“Humor keeps us alive. Humor and food. Don’t forget food. You can go a week without laughing.”
― Joss Whedon
“Wit beyond measure is man’s greatest treasure.”
― J.K. Rowling,
To be honest, I never thought I’d use a quote from a Harry Potter novel in one of my reviews either but it is really relevant. Humour in music can be really clever, incisive and actually work or it can be excruciatingly unfunny and spoil the whole record. When that humour is witty and full of wry observations of relationships and life in general then it can lift the music to a whole different level.
When a good friend of mine (and bass player with Sleeperman) Stephen Skinner described their music as a cross between Alan Bennett and Ian Dury & The Blockheads I was definitely intrigued. After watching a video of them singing a track from the new E.P. live on social media I was hooked!
A levity filled 12 minutes of music, ‘Late Onset Optimism’ is full of sharp social comment and brilliant wordplay where the whimsical lyrics written by published poet and the band’s vocalist John Hilton have been set to music by Stephen and the rest of the band, Neil Scott (guitar) and Joel Cash (drums).
Sleeperman have played music since vinyl was not just the hipster choice but the only choice of music format – for and with artistes such as Everything But The Girl, Felt, Denim, Orange Juice and Edwyn Collins.
The band are from a generation brought up to pick the bones from a confusing diet of Clint Eastwood and Germaine Greer and remember when the only late night TV was The Open University and a time before smoothies. They embrace the work of Ian Dury, Fred Dibnah, Alan Bennett and The Buzzcocks, Ken Loach and The Kinks but cannot endorse films based on video games or careless use of the word ‘baby.’ They are trying to write and perform catchy songs about what now is like and embrace and cling to the old-fashioned idea of everyone getting along.
(L-R Neil, John, Stephen & Joel)
After the opening guitar flourish for I Put The Bullets In But Can’t Pull The Trigger, Neil launches into a Duane Eddy ‘Peter Gunn’ style riff that’s as catchy as hell and John’s semi-spoken vocal adds real atmosphere to this song about the age old conundrum of how to end a relationship. Joel and Stephen’s subtle rhythm section guides the track along at a jaunty lick and, as you listen to the incisive lyrics, a big grim spreads over your face. We’ve all struggled with trying to end a relationship and not being able to say the final words. This is my first introduction to John’s wicked lyrics:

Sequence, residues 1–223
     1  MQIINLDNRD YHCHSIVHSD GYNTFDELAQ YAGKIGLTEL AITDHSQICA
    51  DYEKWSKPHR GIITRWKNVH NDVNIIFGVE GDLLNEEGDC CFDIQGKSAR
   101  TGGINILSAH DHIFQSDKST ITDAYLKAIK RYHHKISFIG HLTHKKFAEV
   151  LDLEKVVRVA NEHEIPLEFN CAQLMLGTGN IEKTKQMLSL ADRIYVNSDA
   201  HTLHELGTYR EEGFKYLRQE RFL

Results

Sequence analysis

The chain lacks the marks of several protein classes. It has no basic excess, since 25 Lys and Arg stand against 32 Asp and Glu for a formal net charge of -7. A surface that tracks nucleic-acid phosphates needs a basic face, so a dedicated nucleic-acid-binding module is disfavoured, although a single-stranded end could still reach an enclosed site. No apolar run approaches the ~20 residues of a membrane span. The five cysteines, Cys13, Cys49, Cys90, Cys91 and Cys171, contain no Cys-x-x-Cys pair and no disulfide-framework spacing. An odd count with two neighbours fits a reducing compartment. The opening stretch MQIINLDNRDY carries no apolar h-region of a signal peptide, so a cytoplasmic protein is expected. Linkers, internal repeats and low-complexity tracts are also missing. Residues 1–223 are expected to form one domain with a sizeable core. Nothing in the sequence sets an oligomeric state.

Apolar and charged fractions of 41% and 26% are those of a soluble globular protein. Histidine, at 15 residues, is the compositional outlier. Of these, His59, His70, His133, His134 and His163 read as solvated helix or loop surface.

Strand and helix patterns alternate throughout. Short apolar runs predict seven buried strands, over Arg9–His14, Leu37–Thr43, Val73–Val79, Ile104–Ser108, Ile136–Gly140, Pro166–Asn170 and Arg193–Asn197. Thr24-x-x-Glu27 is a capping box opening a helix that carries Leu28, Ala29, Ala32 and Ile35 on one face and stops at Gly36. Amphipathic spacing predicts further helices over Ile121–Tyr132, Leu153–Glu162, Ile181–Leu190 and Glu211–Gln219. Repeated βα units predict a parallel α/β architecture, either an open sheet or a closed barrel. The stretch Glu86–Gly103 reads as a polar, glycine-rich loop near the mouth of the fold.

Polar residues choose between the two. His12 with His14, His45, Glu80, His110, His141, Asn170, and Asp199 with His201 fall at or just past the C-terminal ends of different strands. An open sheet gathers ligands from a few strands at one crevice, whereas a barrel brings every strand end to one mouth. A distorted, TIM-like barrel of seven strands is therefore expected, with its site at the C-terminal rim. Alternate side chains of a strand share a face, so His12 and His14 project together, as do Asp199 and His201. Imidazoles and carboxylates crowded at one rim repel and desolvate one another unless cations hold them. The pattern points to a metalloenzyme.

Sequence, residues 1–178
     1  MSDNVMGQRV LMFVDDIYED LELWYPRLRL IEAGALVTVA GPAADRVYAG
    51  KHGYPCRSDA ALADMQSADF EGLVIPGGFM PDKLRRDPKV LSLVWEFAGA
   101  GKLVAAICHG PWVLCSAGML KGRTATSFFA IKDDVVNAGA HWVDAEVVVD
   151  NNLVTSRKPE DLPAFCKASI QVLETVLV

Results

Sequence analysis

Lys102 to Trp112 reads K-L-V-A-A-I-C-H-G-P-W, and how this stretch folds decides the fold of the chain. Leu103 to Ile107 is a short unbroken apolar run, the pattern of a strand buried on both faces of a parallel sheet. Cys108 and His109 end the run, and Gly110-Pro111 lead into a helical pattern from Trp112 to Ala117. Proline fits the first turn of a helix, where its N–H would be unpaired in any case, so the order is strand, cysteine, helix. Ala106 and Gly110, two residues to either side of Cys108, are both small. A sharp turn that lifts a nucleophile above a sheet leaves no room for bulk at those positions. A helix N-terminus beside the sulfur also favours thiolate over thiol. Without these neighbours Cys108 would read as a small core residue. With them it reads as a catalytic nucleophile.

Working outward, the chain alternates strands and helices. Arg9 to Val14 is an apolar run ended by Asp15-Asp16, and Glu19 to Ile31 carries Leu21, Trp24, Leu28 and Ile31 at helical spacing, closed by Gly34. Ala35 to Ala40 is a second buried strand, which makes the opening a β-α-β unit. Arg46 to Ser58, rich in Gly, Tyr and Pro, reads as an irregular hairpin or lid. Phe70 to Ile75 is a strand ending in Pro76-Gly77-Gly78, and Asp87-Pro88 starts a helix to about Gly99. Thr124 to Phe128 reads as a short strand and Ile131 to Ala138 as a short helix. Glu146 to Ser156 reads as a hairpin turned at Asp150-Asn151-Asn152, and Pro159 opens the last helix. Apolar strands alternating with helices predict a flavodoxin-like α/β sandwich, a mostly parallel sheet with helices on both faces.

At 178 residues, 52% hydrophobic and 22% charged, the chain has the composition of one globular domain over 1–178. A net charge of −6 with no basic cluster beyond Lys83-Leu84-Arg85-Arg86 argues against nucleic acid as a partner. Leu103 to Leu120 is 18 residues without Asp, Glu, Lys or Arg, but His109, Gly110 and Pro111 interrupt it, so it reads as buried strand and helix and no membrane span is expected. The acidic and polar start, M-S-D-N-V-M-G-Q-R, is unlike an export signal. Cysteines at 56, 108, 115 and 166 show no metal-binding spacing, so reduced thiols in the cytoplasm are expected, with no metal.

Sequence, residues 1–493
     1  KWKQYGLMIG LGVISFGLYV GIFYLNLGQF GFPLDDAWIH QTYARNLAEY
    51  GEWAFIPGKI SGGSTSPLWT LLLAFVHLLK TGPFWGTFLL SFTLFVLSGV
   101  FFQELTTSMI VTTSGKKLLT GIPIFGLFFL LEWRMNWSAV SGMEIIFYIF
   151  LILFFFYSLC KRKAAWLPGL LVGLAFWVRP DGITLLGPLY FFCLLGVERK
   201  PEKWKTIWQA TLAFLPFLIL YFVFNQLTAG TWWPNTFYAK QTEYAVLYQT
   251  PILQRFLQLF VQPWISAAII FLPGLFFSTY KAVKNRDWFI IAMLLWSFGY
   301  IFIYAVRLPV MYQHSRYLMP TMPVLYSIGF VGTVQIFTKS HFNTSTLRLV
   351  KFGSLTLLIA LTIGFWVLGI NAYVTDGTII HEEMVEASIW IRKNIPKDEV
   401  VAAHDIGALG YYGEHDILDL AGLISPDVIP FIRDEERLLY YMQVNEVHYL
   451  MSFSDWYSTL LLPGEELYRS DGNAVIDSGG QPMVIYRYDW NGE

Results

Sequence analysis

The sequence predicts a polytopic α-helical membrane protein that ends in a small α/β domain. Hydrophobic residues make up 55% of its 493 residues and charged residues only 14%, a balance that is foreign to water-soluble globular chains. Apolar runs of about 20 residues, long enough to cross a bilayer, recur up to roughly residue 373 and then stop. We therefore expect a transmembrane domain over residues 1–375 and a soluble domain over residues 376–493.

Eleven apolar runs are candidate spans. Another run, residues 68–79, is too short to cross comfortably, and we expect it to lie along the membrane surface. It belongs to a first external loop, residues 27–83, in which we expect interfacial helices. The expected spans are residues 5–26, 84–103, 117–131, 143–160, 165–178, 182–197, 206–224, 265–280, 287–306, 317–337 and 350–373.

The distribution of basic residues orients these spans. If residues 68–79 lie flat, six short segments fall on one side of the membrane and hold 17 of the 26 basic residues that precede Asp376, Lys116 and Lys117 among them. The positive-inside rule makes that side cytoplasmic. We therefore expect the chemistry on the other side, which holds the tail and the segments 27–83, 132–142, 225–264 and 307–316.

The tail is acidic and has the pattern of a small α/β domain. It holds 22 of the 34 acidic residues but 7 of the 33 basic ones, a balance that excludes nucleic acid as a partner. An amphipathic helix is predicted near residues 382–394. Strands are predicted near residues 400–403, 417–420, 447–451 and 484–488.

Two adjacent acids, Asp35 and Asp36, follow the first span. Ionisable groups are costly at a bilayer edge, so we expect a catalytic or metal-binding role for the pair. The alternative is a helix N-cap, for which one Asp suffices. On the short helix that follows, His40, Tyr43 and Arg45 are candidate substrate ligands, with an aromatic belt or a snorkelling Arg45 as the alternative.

“I wish I had the sense to just get rid, like Shane or The Milky Bar Kid, but you need bigger balls than I’ve got to clean up Dodge the way they did..”
That about sums it all up on this song full of modern metaphors, the music is brilliant, Neil’s mariachi-esque guitar solo a case in point, and the lyrics are full of social comment but with a real wry sense of humour.
A song about a quirky relationship, Accrington Not Hollywood sees the music and John’s vocal take on a wistful and nostalgic tone, the lyrics full of gentle humour. There’s a real feeling of bonhomie running throughout this track, a proper feelgood piece of music.
“You thought us star crossed lovers cos we’d not had many others, you called it fate and kismet though I hadn’t met your Mum yet…”
There’s a hypnotic, lilting tone to John’s voice that just draws you in, I don’t know why, but it really took me back to the sepia tinged black and white pictures of the 50’s that I’ve seen, when the world seemed a simpler and better place.
A bittersweet love song, Just Talking opens with a gentle guitar intro before John’s dulcet tones join in with a plaintive edge added to his sweet sounding vocal. There’s a regretful feel to the lyrics, like a man unsure of what he wants and how to express it.
“I didn’t just fall from the tree, you might fool them, you won’t fool me. It’s just something I thought I’d mention, don’t pay me any attention…”
There’s a delicate balance between happy and sad, heavy-hearted and walking on clouds that goes one way and then the other as the song continues. It’s beautiful but there’s darkness deep within.
The four track E.P. finishes on an uplifting note with the wonderful dysfunctional friends that are the subjects of This Is Us Lot. A funky, jazz infused rhythm is given by Stephen’s smooth bass and Joel’s stylish drums, add in Neil’s infectious guitar with its New Orleans tone and John’s cutting lyrics and you have a brilliant piece of social satire. Imagine Billy Bragg on happy pills and you wouldn’t be far wrong!
“You catch up with Mandy, it’s while since you’ve seen her, she spent a month as Joe Longthorne’s cleaner, caught him plucking his eyebrows, cursing his mother, downing glasses of Baileys one after the other…”
I find myself imagining these characters as real people, a musical version of Shameless even and the short but exceedingly addictive chorus just sticks in your mind becoming an irreversible earworm. All too soon the song and the E.P. come to a close and I find myself with a knowing grin on my face, that was thoroughly enjoyable!
Wit, humour and social commentary make for excellent bedfellows in music when it is written and performed as well as this. Incisive, socially conscious and yet sometimes irreverent and witty lyrics that we can all relate to married to music of the highest quality, folk, alt-rock, country and good old rock n’ roll and a little birdy tells me that a full-length album is mooted to be in the wings for later this year…
Released 5th May 2017